A Beginner’s Guide To Red Team Testing

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Security leaders face strategic turmoil from a data protection standpoint as businesses increasingly require an ‘anytime, anywhere access.’ Security testing is more important than ever now that the attack surface has increased because of the influx of technology and tools aimed at facilitating accessibility demands.

These days, when attempting to obtain unauthorized access to an organization’s assets and facilities, nefarious entities like crime rings and even disgruntled ex-employees may employ sophisticated attack methods and techniques to exploit security deficiencies. Attackers may then steal intellectual property or hard assets once they successfully breach a protected network. A breach may also cause significant disruptions to company operations and processes.

To better improve network security, conducting penetration or pen tests is recommended. And one of the ways to do this is through ‘red team testing.’ This beginner’s guide will introduce you to the basics of red teaming.

What’s Penetration Testing?

To discover vulnerabilities across a specific network, an attempt to penetrate security layers should be simulated. Pen testing is like attempting to open the doors and windows of a specific area of a building to see which are slightly ajar or completely unlocked. It’s essentially the same as what hackers would do, only this one’s a test for assessment. Many organizations’ compliance regimens have pen testing as a central component. It’s true even for those that use cybersecurity software.

Red Team Testing; What Is It and How Does It Differ from Penetration Testing?

Red teaming is a no-holds-barred approach to detecting network vulnerabilities. Its sole intent is to perform a simulated attack that would resemble the organization’s worst nightmare, or the ‘worst-case scenario’. A red team operates around accomplishing tasks built around a set of goals that a business provides without being detected.

Red team testing aims to find flaws in technology, processes, and employees, then tests the organization’s capability to detect and respond to the identified threats. It doesn't focus on the technical controls solely. On the other hand, the goal of general penetration testing is to find and exploit weak points to determine the risks of the network’s vulnerabilities. In pen tests, the organization is fully aware of the testing, while red teaming is an unannounced attack. However, there are also misconceptions about red teaming that you shouldn’t fall for if you find more information.

Red teaming’s areas of focus include open-source intelligence gathering, phishing, weaponization, and social engineering. Here’s a closer look:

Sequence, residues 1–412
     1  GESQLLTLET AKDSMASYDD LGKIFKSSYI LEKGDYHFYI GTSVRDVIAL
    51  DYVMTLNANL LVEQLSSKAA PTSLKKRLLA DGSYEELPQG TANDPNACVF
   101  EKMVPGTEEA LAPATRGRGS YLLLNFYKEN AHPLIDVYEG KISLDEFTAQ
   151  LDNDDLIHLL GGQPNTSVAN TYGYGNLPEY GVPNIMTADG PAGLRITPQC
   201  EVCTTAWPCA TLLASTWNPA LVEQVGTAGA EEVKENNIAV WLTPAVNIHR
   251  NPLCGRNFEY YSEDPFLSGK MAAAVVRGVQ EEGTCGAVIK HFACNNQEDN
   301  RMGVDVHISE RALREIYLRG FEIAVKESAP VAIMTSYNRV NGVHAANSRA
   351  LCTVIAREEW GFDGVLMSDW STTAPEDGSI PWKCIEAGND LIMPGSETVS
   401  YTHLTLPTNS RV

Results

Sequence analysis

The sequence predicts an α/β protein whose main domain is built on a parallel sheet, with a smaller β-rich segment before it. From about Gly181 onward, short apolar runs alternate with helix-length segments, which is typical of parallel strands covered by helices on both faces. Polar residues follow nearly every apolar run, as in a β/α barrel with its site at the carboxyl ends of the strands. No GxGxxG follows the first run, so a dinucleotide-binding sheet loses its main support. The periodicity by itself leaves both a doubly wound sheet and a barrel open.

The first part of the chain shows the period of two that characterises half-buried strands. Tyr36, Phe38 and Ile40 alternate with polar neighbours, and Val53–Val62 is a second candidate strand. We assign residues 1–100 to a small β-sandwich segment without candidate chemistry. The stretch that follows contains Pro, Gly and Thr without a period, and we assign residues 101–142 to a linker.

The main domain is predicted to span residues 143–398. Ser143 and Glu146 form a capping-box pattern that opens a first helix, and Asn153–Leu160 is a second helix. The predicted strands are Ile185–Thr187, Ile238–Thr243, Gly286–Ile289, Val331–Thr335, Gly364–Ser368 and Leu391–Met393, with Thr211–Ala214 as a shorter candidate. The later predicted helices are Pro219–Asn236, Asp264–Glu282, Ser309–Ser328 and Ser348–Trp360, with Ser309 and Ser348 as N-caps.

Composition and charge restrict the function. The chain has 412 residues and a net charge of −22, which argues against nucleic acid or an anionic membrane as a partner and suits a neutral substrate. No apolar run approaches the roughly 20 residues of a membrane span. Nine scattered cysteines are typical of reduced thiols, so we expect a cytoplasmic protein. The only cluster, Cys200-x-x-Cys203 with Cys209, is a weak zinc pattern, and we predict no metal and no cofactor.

• Open-source intelligence gathering-this area of focus is more on the collection and identification of information that’s available to the public, or out in the open, which the organization may not be aware of.
  • Social engineering-red teams will conduct virtual and physical social engineering tests on the organization’s employees, which works like a test ‘scam’ to see if they would adhere to the management’s security policies.
  • Phishing-a more specific type of social engineering, which uses emails that will tempt employees to click on links that will initiate a malicious attack. A red team carries this out through methodologic and quantitative assessment of the human factor of security.
  • Weaponization-this is where red teams prepare to launch their attack by creating custom file payloads and trojans. Sometimes, false online personas are also used.

As already mentioned, read team testing isn’t only all about the technical controls. It also involves people and process analysis. That’s why read teams can obtain a true and more accurate simulation of potential oversight, and as to what or how an organization’s security may look like to hackers.

Common Security Testing Concerns That Red Teaming Can Help With

Below are situations where red team testing is applicable, including an explanation of why this type of test may be the most appropriate.

- Could A New Cyberattack Being Covered In The News Happen To A Business?

Red teams can examine any attack vector and play any role asked. It means that they can perform a test based on a breaking-news hack. If a company has a subsidiary organization in another country and has a vexing concern about their connection’s security, red teaming can also help.

Red team testing can also figure out how resilient a business can be to a specific attack vector by simulating the threat in question. It’ll help uncover the speed at which an organization will detect assault, how effectively it can block the offenders, and how close the company is to its desired security level.

- Will an Intrusion Be Actually Detected By An Organization’s Security Protocols?

Red teaming can test a business’ detection capabilities. That’s because by nature, it’s a planned stealth attack. It can assess the security protocols in an organization by testing the technology used, the monitoring personnel, and the security team's response. Red teams can also work with a company’s security team to tell if monitoring systems have logged any activity but didn’t flag it as part of an attack.

The Takeaway

Employees wouldn’t know that testing is underway during a security test performed by a red team. It allows red teams that mimic proficient attackers’ classic behaviors to really gauge the real-life responses of an organization to an unauthorized infiltration. Every business or company could use this unannounced, realistic attack just to see how secure their systems really are against malicious attacks.

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